By Olga Kwak
Earlier this year, Hamilton joined a handful of Canadian cities in drafting its own policy on gender identity and gender expression to accommodate the needs of its transgender community. This policy has put Hamilton on the cutting edge of LGBTQ2 rights in Canada as it outlines how the city commits itself to providing a “safe, respectful, and inclusive environment” for all its community members. It took a human-rights complaint filed by a transgender woman to spur the policy into existence. Although negative experiences still occur, these two actions have hopefully begun the process of destigmatizing what is essentially a human right’s issue. Trans rights are human rights. Like many before them, the transgender and gender non-binary community has moved steadily forward with their plight for self determination. It hasn’t always been an easy path.
A Brief Timeline
Before work began to change rights, gender identity and expression were protected in the provincial human rights code under “sex”, and in some cases “disabilities”. Some government documents they could change without undergoing surgery, like a driver’s license, but documents such as health card and birth certificates were not changeable.
How are trans rights a women’s issue?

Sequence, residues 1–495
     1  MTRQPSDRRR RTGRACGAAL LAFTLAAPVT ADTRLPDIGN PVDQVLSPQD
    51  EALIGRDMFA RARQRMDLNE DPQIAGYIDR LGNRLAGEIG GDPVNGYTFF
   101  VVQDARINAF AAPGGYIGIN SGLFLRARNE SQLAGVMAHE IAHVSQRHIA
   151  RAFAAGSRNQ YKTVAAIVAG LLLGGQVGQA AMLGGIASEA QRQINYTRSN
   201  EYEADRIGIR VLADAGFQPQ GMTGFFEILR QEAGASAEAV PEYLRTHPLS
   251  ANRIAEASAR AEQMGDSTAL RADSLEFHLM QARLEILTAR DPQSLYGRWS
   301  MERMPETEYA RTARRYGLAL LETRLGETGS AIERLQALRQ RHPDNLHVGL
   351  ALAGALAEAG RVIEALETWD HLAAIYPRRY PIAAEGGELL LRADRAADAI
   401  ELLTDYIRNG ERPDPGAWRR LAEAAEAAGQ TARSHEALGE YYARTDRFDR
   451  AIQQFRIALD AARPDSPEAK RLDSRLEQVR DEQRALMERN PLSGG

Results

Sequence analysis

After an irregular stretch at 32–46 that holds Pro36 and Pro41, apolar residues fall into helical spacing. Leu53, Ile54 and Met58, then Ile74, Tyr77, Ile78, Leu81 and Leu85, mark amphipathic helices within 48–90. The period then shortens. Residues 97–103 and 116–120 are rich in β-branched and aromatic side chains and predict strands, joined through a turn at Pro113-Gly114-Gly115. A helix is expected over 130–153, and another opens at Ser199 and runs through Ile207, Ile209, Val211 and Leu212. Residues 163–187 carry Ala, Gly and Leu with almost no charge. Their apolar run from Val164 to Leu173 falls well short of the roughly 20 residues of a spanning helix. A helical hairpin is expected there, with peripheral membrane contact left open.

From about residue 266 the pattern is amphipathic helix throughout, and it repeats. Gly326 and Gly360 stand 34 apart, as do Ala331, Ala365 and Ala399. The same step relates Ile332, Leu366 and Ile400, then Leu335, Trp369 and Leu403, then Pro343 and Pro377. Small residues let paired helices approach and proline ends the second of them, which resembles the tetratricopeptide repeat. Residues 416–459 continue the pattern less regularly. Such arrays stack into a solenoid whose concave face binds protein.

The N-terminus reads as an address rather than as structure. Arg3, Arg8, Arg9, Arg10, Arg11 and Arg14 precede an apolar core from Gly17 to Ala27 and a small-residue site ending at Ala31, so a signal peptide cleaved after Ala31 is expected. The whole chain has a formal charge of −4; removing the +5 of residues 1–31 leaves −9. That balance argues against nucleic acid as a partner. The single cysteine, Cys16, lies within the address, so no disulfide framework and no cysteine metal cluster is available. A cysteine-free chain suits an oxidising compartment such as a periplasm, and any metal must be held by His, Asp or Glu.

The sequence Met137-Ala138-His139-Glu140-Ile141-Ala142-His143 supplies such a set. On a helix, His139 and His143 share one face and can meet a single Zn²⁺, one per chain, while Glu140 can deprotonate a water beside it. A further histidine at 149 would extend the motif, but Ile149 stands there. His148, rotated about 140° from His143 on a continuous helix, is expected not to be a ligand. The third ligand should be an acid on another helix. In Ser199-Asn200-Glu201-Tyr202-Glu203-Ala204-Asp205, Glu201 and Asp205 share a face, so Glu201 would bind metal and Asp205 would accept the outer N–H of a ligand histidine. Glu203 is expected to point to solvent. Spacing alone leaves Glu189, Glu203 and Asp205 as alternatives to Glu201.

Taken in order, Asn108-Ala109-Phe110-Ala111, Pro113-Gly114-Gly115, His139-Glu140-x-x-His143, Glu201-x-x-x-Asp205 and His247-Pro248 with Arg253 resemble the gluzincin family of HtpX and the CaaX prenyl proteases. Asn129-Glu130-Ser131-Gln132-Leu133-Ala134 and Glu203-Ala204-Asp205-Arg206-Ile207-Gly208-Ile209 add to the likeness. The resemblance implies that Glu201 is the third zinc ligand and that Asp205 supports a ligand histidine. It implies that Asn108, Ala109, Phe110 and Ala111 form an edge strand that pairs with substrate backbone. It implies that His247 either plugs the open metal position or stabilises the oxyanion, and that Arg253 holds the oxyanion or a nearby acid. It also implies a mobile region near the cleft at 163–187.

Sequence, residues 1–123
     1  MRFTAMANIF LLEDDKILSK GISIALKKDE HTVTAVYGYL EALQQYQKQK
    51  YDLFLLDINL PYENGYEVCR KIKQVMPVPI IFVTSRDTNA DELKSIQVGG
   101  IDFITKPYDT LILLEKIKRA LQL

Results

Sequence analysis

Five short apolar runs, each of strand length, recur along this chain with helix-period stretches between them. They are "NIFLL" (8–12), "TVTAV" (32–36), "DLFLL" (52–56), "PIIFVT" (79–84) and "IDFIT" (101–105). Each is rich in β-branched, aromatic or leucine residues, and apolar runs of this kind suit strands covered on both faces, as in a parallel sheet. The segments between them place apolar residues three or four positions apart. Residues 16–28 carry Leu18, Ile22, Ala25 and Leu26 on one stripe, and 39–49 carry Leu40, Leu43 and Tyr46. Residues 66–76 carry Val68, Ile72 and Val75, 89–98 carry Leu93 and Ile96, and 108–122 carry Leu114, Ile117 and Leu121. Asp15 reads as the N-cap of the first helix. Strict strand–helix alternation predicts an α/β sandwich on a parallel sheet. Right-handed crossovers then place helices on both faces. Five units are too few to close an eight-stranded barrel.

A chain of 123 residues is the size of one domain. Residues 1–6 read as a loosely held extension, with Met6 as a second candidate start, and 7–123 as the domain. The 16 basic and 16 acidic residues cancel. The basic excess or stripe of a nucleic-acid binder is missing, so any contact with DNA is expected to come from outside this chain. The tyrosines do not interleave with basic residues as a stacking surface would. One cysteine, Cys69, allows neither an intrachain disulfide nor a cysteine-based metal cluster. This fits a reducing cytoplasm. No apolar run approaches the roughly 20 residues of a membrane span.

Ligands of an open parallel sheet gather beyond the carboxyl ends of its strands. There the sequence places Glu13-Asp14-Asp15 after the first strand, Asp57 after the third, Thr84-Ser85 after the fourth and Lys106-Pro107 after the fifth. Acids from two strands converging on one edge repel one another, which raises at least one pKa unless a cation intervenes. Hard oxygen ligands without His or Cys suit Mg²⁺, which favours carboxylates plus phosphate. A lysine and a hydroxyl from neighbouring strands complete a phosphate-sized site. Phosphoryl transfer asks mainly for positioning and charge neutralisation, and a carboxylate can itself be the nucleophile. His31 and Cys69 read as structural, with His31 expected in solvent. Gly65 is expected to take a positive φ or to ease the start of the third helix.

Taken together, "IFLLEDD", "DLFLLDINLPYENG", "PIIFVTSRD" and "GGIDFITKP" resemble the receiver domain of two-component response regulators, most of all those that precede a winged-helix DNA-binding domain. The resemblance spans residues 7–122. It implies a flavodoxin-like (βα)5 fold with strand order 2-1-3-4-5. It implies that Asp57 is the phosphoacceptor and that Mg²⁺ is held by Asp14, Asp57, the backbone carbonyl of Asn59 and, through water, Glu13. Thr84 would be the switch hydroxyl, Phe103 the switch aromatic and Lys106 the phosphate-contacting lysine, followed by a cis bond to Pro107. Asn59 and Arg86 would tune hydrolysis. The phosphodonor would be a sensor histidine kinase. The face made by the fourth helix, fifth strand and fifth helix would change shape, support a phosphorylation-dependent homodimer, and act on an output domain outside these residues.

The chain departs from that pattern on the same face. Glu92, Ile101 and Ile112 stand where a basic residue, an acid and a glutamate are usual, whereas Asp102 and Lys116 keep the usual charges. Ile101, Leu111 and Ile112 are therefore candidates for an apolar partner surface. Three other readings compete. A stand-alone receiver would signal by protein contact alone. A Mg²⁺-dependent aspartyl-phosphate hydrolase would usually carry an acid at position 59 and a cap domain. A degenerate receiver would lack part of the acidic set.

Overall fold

For one thing, cissexism is similar to heterosexism, the assumption that heterosexuality is better and “more normal” than homosexuality or trans sexuality. Gender non-conforming people often face similar acts of violence that cis gendered women do. Transgender women are women, period. To reduce a woman to just her genitals places the same burden on the shoulders of trans gender women that feminists have been working to remove for over three centuries. Sexual violence, verbal and physical harassment, under-employment, lack of housing and health clinics are all historically issues that women have faced – and continue to face – themselves. During the council meeting prior to the policy vote, Gabriel Byrne, a transgender delegate from The Aids Network, pointed out that “recreation, housing and employment … can improve a person’s mental health and sense of belonging [in a community].” By addressing gender nonconformity and gender expression, the City has given the transgender community the opportunity to “be included in every aspect of municipal life,” as Cole Gately, Hamilton activist, educator, and co-organizer of the Hamilton Trans Health Coalition, says.